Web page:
Article by The Gothic Librarian
Most goths are surprisingly unfamiliar with the literary genre that lent its name to our modern subculture. Sure, you may have read Dracula and Frankenstein in school, but these books were actually late-comers to the movement and hardly representative of the genre. So, what exactly is Gothic literature, and how did it get its start? It all began with a British politician named Horace Walpole…
Horace Walpole is credited with not only inventing the Gothic literary genre, but also with kicking off the neo-Gothic architectural revival in Europe—two movements that were deeply intertwined. A respected art historian, man of letters, and member of Parliament, Walpole built himself a grand estate in Twickenham, which he dubbed Strawberry Hill House. Despite its cheery name, the estate is a fortress, with turrets and battlements modeled off of medieval castles and other elements borrowed from abbeys and cathedrals. It was in these impressive halls that Walpole composed his most famous work, The Castle of Otranto.
Published in 1764, The Castle of Otranto initially tried to pass itself off as a recently discovered medieval manuscript. But with its second edition, the book acknowledged being of recent creation and was subtitled "A Gothic Story," thus giving a name to the genre it would soon inspire. The story revolves around a young noblewoman named Isabella. On the eve of her wedding, a mysterious giant helmet falls from the sky and crushes her groom-to-be. In the aftermath of this catastrophic supernatural event, Manfred, the Lord of the Otranto, tries to take Isabella for his own bride and she escapes the castle through a trap door and secret passageways. Other supernatural events ensue, ancient prophecies are brought to light, and long-dead spirits demand justice. As the very first Gothic novel, The Castle of Otranto establishes many of the genre's core themes and tropes, including spooky castles, family secrets, lustful villains, and virtuous female victims.
Over the next several decades, many authors followed in Walpole's footsteps. One of the most influential of these was Ann Radcliffe. Radcliffe published half a dozen wildly popular Gothic novels at the end of the 18th century, including The Romance of the Forest (1791) and The Mysteries of Udolpho (1794). She believed strongly in the value of psychological "terror" over shock-and-gore "horror" and often provided rational explanations for the seemingly supernatural occurrences in her novels. Her fame brought a slew of close imitators, especially among women writers who had found themselves a new niche. These Radcliffean-style Gothic novels became their own subgenre, known as the Female Gothic. On the other end of the spectrum, stylistically, were writers like Matthew Lewis, whose lurid tale of evil temptresses, corrupt clergymen, and defiled victims in The Monk (1796) capitalized on shock and violence.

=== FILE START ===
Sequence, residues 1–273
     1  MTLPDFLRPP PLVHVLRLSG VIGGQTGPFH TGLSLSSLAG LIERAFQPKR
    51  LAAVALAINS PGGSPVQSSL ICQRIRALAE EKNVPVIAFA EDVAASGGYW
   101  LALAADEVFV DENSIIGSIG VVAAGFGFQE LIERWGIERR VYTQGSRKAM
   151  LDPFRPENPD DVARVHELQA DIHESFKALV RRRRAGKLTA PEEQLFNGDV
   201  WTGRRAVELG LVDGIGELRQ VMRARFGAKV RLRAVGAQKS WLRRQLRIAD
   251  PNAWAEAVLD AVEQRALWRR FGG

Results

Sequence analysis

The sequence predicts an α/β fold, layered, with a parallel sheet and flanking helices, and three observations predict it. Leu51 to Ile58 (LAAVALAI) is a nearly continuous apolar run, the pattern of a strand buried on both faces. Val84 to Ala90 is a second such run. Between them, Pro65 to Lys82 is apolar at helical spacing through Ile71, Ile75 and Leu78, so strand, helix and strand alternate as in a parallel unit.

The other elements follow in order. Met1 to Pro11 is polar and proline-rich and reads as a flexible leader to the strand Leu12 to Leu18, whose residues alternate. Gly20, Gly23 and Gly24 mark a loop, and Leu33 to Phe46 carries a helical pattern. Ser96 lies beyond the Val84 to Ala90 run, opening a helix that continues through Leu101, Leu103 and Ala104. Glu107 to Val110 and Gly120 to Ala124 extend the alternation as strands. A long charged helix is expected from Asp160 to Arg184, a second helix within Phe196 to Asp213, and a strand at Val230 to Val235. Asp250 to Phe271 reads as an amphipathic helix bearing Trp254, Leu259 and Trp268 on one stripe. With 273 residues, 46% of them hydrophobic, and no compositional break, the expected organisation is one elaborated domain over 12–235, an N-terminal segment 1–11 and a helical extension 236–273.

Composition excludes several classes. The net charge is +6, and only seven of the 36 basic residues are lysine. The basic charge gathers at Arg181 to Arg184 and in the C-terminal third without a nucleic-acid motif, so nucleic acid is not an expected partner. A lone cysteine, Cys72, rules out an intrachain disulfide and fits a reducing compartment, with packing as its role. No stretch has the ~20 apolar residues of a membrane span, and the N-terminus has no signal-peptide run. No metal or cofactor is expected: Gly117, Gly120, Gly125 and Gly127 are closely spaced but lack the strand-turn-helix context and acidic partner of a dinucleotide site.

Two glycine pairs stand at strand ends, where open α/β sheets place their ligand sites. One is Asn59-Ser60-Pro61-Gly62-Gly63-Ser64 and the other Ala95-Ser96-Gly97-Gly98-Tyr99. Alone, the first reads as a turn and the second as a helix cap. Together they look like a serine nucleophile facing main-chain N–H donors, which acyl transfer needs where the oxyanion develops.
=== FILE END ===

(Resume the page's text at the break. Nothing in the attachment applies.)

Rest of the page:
As the Gothic novel developed further throughout the 19th century, it became associated with names you're more likely to have run across in English class: Mary Shelley, Robert Louis Stevenson, Charlotte Brontë, Bram Stoker, etc. This era also saw new genres evolve out of the Gothic as authors like Edgar Allan Poe revolutionized horror and Wilkie Collins honed the mystery novel. Today, the influence of the Gothic has splintered into many different, nearly unrecognizable genres. Whether you prefer slashers, psychological thrillers, cozy mysteries, or paranormal romance, you can thank the Gothic novel for many of the books we read today.
If you want to learn more about Gothic literature, check out www.TheGothicLibrary.com. This book blog for dark-minded readers hosts weekly blog posts that range from discussions of Gothic tropes and literary classics to reviews of recently published novels in any of the darker genres. You can also find the blog on Twitter (@Gothic_Library) and Facebook (www.facebook.com/thegothiclibrary/).